Neither HIV patients nor control subjects were recruited based on specific anthropometric criteria, but a subset of the HIV patients reported in this manuscript with evidence of fat redistribution, based on a waist to hip ratio (WHR) > 0.90 and peak GH <7.5μg/l on GH stimulation testing (n=67) were invited to participate in a longitudinal study of GH administration previously reported 13. Limited baseline analyses in HIV-infected patients of relationships of peak GH to GHRH/arginine stimulation and metabolic parameters were previously published13.
The study was approved by the Massachusetts General Hospital (MGH) and Massachusetts Institute of Technology (MIT) institutional review committees and subjects provided written informed consent. Eligible subjects were seen at the general clinical research centers at the MIT and MGH.
After an overnight 12-hour fast, subjects received standardized stimulation testing with GHRH/arginine. GHRH 1-29 (Geref, Serono, Inc., Norwell, MA) 1ug/kg IV bolus along with simultaneous administration of arginine hydrochloride (0.5g/kg)(maximum dose, 30g) administered intravenously over 30min. GH concentrations were measured at −15, 0, 15, 30, 45, 60, 90, and 120 minutes after GHRH and arginine administration.
All blood testing were performed after an overnight 12-hour fast before any stimulation testing. GH concentration was measured by two-site RIA with an intra-assay coefficient of variation (CV) of 4.4% and inter-assay CV of 6.6% (Corning, Inc. Nichols Institute Diagnostics, San Juan Capistrano, CA). IGF-1 was measured by two-site RIA with an intra-assay CV of 4.9% and inter-assay CV of 5.1% (Diagnostic Systems Laboratories, Inc., Webster, TX). Insulin concentrations were measured by either radioimmunoassay (RIA; Siemens Medical Solutions Diagnostics, Deerfield, IL; intra-assay and interassay coefficients of variation from 3.1 to 9.3% and from 4.9 to 10.0%, respectively) or chemiluminescence immunoassay (Ultra-sensitive Beckman Access-2 Chemiluminescence platform; Beckman Coulter, Chaska, MN; sensitivity 0.03 IU/mL, precision 3-5.6%). The correlation between the two assays was r = 0.99, p<0.0001.
Homeostasis model assessment (HOMA-IR) was calculated15. C-reactive protein (CRP) was measured by ELISA (DSL, Webster, TX) with intra-assay and inter-assay CVs ranging from 1.7%-3.9% and 2.8%-5.1% respectively. Low-density lipoprotein (LDL) cholesterol was calculated using the Friedewald formula. Total cholesterol, high-density lipoprotein (HDL) cholesterol, triglycerides, and glucose were measured using standard techniques. CD4 count was determined by flow cytometry (Becton Dickinson Immunocytochemistry Systems, San Jose, CA) and the HIV viral load was determined by ultrasensitive assay (Amplicor HIV-1 Monitor Assay; Roche Molecular Systems, Indianapolis, IN), with limits of detection of 50-75,000 copies/ml.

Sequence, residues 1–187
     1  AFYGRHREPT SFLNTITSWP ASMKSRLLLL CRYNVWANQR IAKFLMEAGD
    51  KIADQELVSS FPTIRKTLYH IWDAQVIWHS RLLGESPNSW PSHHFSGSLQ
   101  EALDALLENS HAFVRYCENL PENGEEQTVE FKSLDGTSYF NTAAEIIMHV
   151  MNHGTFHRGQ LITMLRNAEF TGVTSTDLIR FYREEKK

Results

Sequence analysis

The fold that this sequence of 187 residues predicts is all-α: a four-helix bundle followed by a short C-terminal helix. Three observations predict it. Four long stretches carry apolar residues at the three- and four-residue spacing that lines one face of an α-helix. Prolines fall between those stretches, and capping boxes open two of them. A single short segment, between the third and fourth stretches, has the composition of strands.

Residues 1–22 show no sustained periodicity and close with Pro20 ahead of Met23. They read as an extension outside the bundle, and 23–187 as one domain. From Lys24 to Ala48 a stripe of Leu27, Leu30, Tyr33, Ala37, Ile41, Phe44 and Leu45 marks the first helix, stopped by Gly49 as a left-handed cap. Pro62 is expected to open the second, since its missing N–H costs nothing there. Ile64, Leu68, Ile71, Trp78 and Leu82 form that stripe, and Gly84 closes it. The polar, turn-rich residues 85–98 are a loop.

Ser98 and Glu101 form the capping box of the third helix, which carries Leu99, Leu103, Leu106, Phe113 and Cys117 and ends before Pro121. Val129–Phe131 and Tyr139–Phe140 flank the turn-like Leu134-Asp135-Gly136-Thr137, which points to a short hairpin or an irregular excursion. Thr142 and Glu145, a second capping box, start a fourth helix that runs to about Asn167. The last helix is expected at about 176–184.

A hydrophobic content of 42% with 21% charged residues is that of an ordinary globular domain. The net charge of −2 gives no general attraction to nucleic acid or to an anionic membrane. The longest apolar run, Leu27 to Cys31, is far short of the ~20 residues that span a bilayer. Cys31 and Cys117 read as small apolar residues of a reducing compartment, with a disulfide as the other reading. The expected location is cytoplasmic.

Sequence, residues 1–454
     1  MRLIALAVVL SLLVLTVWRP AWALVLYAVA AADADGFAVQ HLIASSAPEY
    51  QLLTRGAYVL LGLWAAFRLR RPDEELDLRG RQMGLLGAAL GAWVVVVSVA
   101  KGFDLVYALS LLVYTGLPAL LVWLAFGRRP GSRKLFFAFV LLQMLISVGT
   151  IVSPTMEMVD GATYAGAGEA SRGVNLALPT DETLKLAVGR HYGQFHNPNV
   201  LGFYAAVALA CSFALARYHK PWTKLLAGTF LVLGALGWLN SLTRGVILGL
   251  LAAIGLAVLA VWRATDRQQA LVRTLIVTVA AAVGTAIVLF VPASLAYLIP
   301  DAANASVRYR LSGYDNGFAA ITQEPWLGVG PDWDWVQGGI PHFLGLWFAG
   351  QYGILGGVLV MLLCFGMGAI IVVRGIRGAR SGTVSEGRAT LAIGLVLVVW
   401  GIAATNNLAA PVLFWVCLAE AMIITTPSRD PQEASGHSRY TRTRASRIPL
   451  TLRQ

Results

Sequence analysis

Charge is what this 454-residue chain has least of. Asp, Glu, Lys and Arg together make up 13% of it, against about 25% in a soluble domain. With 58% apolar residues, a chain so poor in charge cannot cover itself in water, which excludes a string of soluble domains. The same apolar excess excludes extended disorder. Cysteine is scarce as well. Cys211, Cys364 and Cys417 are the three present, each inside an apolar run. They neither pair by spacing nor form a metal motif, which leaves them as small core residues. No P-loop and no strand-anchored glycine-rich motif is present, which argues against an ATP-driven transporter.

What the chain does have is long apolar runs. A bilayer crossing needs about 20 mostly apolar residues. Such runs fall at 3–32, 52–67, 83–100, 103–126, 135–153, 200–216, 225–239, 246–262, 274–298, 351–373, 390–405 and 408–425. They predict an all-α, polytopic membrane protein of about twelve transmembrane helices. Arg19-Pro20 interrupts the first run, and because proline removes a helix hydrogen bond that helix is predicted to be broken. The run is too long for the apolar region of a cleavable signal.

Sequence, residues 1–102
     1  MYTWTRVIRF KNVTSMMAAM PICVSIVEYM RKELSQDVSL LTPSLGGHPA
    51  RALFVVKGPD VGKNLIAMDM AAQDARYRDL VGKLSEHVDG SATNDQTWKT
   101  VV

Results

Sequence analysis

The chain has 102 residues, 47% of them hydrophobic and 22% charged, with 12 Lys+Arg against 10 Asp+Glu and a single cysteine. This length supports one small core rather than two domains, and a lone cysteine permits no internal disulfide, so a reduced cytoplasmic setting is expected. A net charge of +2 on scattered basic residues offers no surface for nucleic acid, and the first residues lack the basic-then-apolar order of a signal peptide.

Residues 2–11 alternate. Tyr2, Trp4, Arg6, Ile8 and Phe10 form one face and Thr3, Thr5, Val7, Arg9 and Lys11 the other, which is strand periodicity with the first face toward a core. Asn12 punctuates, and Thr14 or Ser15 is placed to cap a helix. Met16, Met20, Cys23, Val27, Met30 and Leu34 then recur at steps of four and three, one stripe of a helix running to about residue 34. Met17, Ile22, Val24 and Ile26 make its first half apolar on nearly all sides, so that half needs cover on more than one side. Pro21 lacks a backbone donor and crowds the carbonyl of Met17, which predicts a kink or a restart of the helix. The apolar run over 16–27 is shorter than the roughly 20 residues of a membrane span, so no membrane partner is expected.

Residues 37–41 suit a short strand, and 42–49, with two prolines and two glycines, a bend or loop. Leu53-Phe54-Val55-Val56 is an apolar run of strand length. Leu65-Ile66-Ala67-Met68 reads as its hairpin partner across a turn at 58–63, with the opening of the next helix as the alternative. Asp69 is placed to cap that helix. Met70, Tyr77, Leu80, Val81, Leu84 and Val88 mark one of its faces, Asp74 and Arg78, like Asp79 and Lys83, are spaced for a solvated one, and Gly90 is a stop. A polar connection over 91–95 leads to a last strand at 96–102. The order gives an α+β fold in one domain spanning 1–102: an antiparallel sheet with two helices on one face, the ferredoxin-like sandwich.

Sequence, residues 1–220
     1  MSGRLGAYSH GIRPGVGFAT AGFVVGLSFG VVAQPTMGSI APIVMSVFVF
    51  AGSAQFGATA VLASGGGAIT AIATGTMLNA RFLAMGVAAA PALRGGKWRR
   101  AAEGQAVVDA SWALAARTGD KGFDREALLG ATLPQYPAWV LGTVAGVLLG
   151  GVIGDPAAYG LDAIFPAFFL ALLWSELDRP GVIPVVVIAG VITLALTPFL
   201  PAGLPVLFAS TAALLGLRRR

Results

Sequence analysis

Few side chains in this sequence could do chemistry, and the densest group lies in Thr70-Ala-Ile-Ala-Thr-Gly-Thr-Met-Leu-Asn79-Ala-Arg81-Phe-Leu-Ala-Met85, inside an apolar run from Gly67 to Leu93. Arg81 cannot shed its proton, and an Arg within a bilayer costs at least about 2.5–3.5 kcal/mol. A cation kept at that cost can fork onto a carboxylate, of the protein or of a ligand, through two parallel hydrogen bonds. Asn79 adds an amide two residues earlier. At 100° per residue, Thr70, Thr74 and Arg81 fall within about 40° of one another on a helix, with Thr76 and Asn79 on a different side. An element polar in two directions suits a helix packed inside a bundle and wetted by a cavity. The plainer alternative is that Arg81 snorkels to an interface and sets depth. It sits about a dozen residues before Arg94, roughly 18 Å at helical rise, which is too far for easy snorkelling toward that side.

Weight and anthropometric measurements were determined in the morning, prior to breakfast. Waist circumference (WC) was measured at the level of the iliac crest. Anthropometric measurements were obtained using an inelastic tape measure by the bionutrition staff.
Distributions of continuous outcome variables were examined for normality by the Wilk-Shapiro test and examination of the histogram distributions. For variables with normal distribution, comparisons between two groups were performed using Student's t-test. For variables with non-normal distribution, comparisons between two groups were performed using the Wilcoxon rank sum test. For dichotomous or categorical variables, comparisons were performed using the chi-square test. Race was dichotomized to Caucasian or other race. Statistical significance was assumed when a null hypothesis could be rejected at p-value <0.05. Spearman correlation coefficients (rho) were assessed in the univariate analysis comparing peak stimulated GH to other covariates as peak GH was not normally distributed (Wilk-Shapiro p<0.0001). Univariate regression analyses was performed in both HIV and non-HIV groups. Using multivariate linear regression modeling, we sought to investigate whether the relationships of peak GH with fasting glucose, fasting insulin, triglycerides, blood pressure, and CRP remained significant after adjusting for potential relevant covariates, including indices of abdominal adiposity in both HIV and non-HIV groups. Multivariate models for glucose, triglycerides, insulin, blood pressure and CRP are shown in the text and tables. Additional sensitivity analyses were performed excluding HIV-infected men on stable testosterone treatment (n=32, 12.7%), and excluding 13 postmenopausal women in multivariate regression modeling, similarly controlling for the anthropometric and demographic variables used in the primary models. CRP outliers greater than 100mg/L were excluded from the analyses.
Metabolic and anthropometric variables were also compared among HIV-infected men with a peak GH of less than and greater than 7.5 μg/l based on prior data from our group establishing this optimal cut-off to define relative growth hormone deficiency among HIV infected men9, 16. All statistical analyses were performed using SAS JMP statistics software version 5.1 (SAS Institute Inc., Cary, NC). Results are reported as mean ± SD, unless otherwise indicated.